Just announced today is the news that Cleveland entrepreneur Danielle DeBoe Harper is leaving full ownership of the super cute boutique Room Service in the hands of her business partner Jennie Doran, so Danielle can focus on wedding design.
Why do I care?
Because it was just about a year ago that I walked into Danielle’s shop on West 25th and decided it was time to move back to Cleveland. Danielle was there that day behind the counter, adorable and around my age, brimming over with enthusiasm for Cleveland (herself a transplant and not a native) as a place where 30s-somethings dreams are made. And the evidence was right there: an Etsy-like explosion of locally-made gift items and casual chic splendor, proof that you really can bring an idea to Cleveland and see it come to life.
Danielle wasn’t the only one. My parents took me down the street to Bon Bon, where we sat next to a table of guys who I couldn’t help ogling over bites of my mom’s plate of Bubble & Squeak. They looked to be in the midst of a business discussion, energized, impressive, and good looking — not a typical sight from the Cleveland of my early 20s. Eventually I knew this was restaurateur Sam McNulty and his crew, who have taken over Ohio City with a slew of hot bars and craft beers, and that they indeed gather for energized, good looking business discussions once a week at Bon Bon. At the time, they were just another signal to return to Cleveland.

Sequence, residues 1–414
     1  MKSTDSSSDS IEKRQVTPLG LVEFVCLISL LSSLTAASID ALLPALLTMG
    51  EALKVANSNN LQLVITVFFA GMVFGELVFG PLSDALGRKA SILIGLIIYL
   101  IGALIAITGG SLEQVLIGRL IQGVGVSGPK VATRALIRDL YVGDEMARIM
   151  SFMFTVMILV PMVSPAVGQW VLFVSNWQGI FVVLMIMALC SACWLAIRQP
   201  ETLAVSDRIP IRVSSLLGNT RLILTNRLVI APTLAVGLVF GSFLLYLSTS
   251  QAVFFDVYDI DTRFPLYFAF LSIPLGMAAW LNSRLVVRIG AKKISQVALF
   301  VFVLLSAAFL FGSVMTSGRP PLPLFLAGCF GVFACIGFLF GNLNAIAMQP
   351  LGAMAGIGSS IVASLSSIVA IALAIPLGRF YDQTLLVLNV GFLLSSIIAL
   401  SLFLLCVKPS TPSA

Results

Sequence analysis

Then there were the books Rust Belt Chic and New to Cleveland that I read from San Francisco as I packed and plotted my return. The first one fed me a familiar language of hope, reality, and rootedness that I was ready to remember; the second painted a picture Cleveland and its neighborhoods in vivid (water)color. I wanted to be in these pages; I wanted to know the people behind them and make Cleveland my story again.
When people ask me now why I came back to Cleveland, the short explanation is some version of being close to family and old friends. Of course that’s not untrue. But the real truth is that I was brought home by strangers, people who imprinted on me from a distance. Their stories were enough to spin my own homecoming tale.
Each of us has probably impacted somebody’s life in big ways that we don’t even know about. It’s a sweet, humbling, and humanizing idea.
Maybe it’s a little unique to Cleveland that here the people who are making shit happen become the people you know. Just shy of a year later, and the strangers who prompted my return aren’t strangers anymore. I’ve chatted with Danielle a bunch of times while in her store. Sam McNulty is a regular guy you see out and about on weekends. I not only got to meet the editors behind Rust Belt Chic but have even become part of their efforts. (In fact, if you haven’t yet donated to the Kickstarter campaign to launch Belt, the new Cleveland online magazine, now is the time!)
In Cleveland, not only can you be inspired by the people around you, but you can easily join them. Within an hour or so of Danielle’s big news coming out today, Anne Trubek of Rust Belt Chic posted a fabulous essay about the wave of people pitching in to try new things and be part of making life in Cleveland great. The timing’s no coincidence; that’s just how it is here.